Things happened really quickly, everything worked out like perfectly fitting pieces of a puzzle, and we moved in a matter of weeks after settling on our home of choice. It almost feels like we’ve been living here for ages. The boys will be starting school soon at the kindy nearby, so I really hope they’ll settle in just as well as they have to our new home.

#5  Vera adjusted well to primary school.

I’ve shared a little about our primary school journey here and here. By and large, Vera has settled well, made a bunch of good friends, and learnt to take charge of her own learning and responsibilities. This has made such a difference to our journey as first-time primary school parents. I found that I could keep my nagging to a minimal and just provide the support she needed at various junctures. There are still gaps, that’s for sure, and I wrote about that too, but I tell myself she’s growing at her own pace too – for me, I just need to watch out and remind her when it’s really needed. Sometimes when we step back, the child seems to take on more and learn more in the process – do you see this too?

#6  JJ found an awesome sports coach.

jj-sports-class

Now this one gets me really excited. JJ has always shown an affinity for sports, not least because he’s quite a movement junkie and has sooo much energy to release. When my friend recommended me this sports class (that is also affordable), we jumped at it. He learns so much from this awesome coach, and is constantly stretched – not just physically but mentally as well, because this coach doesn’t let things go without prompting and challenging the kids to think and strategise and plan. Now that I’m an educator myself, it is just AMAZING to watch. I learn even just by sitting through the 1.5 hour class.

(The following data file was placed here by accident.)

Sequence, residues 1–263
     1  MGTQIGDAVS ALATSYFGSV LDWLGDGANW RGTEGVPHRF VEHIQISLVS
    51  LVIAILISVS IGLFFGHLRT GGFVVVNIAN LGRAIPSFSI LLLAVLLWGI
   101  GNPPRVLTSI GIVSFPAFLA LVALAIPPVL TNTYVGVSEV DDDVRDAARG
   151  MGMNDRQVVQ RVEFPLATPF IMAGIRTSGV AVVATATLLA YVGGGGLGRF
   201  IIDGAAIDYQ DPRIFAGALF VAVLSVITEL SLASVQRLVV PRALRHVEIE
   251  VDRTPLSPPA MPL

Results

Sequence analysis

#7  Josh turned Terrific Three!

mum_josh

Ahh, my dear Josh. You turned three and I know all that newfound independence is getting to you and sometimes makes you really cranky. But you know we love you, even if you’re screaming the roof down at the moment. You bring so much joy to our lives…more than you’ll ever know or realise. May the Lord continue to bless and keep you, and grow in you a heart of wisdom, love, and obedience.

~~~~~~~~~~~~~~~

Come 2017, and I am still learning. To leap, not blindly but knowingly, into the arms of a very real and invisible God. To embrace uncertainty with a child-like faith. He is a loving God, a God who is ever-generous with His people, a God who always provides…

Every morning, God’s generosity greets us in at least a dozen ways, but we barely recognize it as we frenetically prepare for our day. When we lay our exhausted heads down at night, we often fail to look back on the many gifts that dripped from God’s hands into our little lives…This Thanksgiving season, will you remember to remember the generosity of God? Remembrance produces upward worship, inward humility, and outward generosity. – Paul Tripp

Blessed 2017, friends. May His love and peace shine brightly in your lives always…

happy boy in sports class

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Fun holiday activities with the whole family

The December holidays have been jam packed with activities from the get-go.